4 steps to building your brand as a small business

It’s hard to stand out in today’s jam-packed marketplace, especially if you’re a small business. On the one hand, pretty much every industry is dominated by its giant companies. The household names that everybody knows. On the other hand, your market is just as likely to be crowded with other small businesses that are your direct competitors.

In this crowd, standing out might seem like a near impossible task. That’s where building your brand comes in. The term “branding” might bring to mind multi-million-pound ad campaigns, or sponsored social media posts with world famous influencers.

But, even in the world of small business, taking the time (and investing some money) in building a brand that effectively communicates what you do best can grab the attention of potential customers and make you stand out from competitors of all sizes.

Here are four of our key tips for building a successful brand as a small business:

1 – Define Your Brand
This is the crucial starting point when it comes to brand building. Take some time to ask yourself a few questions about your business, this will help you to define your brand and what you hope to achieve with it.

What are our values? Where do we want our business to go? Who are our customers or target customers? What is our unique selling point (USP)?

Answering questions like this will help you start building a brand that highlights your business’ strengths, attracts customer attention (and holds it) and differentiates your message from your competitors.

2 – Establish Your Tone of Voice
Establishing a tone of voice for your brand will reinforce its character and the message that your business is trying to convey. It will help you present a unified, consistent message, and carrying this over across both your internal and external communications will help reinforce this further.

A consistent tone of voice helps your brand convey a business that is solid and trustworthy. So, whether you’re looking to style yourself as professional and serious, or light-hearted and amusing, get your tone of voice set and stick with it.

3 – Design Your Visual Aesthetic
Similar to your brand’s tone of voice, a well-defined and unified visual aesthetic in your branding will catch the eyes of consumers and communicate consistency. Ensuring a recognisable aesthetic across things such as your logo, signage and even email signatures will make your brand’s visuals more effective.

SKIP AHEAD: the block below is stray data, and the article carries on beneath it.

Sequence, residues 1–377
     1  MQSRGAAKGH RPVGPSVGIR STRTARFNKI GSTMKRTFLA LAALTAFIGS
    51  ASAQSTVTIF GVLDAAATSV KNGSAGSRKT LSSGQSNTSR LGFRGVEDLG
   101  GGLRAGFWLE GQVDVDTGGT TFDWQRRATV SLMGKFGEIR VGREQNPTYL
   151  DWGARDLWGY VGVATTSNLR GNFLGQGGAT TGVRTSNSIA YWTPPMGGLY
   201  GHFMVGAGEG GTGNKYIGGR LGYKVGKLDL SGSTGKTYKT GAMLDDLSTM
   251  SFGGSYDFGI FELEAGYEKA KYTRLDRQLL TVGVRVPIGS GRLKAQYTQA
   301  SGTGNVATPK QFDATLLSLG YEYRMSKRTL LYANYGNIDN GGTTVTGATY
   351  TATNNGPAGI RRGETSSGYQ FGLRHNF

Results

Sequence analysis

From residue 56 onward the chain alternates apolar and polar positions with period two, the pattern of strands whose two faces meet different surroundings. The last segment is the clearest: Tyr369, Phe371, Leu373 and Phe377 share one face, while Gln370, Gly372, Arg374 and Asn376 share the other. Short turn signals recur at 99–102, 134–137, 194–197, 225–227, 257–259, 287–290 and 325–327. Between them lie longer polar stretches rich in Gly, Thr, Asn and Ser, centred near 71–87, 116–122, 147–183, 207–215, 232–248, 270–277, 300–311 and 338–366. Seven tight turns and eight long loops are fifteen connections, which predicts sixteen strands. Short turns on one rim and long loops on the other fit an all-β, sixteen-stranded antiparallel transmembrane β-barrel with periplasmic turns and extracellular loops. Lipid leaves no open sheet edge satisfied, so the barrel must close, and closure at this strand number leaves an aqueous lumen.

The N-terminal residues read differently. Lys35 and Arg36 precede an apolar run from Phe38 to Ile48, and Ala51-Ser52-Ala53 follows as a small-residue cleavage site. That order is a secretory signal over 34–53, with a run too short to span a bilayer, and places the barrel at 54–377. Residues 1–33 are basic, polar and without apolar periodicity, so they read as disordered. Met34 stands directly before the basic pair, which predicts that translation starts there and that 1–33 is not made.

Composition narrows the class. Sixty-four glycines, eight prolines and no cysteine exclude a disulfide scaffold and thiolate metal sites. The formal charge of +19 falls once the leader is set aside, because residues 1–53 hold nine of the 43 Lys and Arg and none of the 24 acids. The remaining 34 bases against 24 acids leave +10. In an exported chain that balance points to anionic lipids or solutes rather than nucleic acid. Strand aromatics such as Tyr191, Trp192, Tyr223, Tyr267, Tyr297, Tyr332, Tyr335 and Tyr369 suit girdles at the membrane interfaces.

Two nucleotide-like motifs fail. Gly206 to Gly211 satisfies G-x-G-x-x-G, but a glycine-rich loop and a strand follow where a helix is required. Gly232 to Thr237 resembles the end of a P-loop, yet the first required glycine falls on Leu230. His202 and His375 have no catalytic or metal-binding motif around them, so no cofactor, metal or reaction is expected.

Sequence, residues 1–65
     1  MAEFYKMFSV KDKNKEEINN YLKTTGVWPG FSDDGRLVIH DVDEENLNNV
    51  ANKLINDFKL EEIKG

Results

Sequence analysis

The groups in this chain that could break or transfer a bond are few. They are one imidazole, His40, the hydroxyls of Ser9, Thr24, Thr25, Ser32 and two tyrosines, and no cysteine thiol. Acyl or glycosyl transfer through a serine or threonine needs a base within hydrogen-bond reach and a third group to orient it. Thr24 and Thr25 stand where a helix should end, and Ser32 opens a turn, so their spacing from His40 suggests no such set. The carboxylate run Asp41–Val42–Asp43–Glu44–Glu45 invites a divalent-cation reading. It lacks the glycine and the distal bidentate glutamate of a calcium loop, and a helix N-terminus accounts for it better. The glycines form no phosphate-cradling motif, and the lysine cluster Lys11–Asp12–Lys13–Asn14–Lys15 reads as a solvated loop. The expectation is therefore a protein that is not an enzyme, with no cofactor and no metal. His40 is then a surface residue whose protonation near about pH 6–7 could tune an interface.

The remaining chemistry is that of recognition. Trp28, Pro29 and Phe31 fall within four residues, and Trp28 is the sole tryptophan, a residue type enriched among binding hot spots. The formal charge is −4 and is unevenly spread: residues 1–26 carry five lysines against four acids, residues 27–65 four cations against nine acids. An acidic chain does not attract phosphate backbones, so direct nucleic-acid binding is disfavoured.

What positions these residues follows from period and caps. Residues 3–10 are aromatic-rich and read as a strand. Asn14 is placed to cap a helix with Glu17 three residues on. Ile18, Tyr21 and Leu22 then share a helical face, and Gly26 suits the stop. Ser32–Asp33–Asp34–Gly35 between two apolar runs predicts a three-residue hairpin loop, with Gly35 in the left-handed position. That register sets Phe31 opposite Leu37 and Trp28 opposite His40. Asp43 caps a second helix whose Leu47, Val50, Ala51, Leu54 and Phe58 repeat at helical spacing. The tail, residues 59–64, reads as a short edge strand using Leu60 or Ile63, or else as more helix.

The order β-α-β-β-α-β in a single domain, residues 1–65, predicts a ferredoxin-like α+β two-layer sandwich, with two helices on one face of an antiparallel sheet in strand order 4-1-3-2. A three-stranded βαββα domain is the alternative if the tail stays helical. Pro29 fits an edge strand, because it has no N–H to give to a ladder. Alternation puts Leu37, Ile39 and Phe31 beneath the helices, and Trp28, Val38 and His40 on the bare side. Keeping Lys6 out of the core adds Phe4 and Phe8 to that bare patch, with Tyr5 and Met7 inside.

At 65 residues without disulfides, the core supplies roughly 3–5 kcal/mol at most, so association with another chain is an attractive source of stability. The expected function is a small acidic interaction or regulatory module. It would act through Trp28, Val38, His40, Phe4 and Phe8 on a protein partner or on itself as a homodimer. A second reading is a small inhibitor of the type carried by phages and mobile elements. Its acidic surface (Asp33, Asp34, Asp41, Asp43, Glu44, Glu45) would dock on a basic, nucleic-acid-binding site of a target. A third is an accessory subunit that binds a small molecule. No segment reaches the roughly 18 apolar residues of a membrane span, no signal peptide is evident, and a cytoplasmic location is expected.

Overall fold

The visual aspect of your brand determines its look and feel and, just as much as the tone of voice, helps set its tone in the minds of your potential customers.

It goes without saying that being bold and creative with your visuals will catch the eyes of consumers. But if you want to - not just stand out - but hold the attention of your customer base, an aesthetic that is bold, unified and, most importantly, recognisably yours, will really help you achieve that goal.

4 – Be an Expert
Small businesses are booming at the moment, across every sector. Whether its craft beer or IT services, clothing or cycling, customers have come to appreciate the more hands-on, bespoke, personal service that small companies offer over their more corporate competitors.

Your brand should take advantage of this, so consider how you could utilise your status as a small business to position yourself as an approachable, reliable expert in your field. You should be branding your business as one that consumers can approach and talk to, a business that they trust to offer expertise and the best possible service.

Utilising your tone of voice, aesthetic and the natural talents you have at your disposal, harness your brand power to deliver branded content (such as blogs or visual media) that showcases what you do and your expertise in doing it.

What next?
Now that you’ve got an idea of how to build your brand, it’s time to get out there and communicate it to your potential customers. In our next piece we’ll be looking at how small businesses such as yours can use their brands to effectively engage with today’s consumers.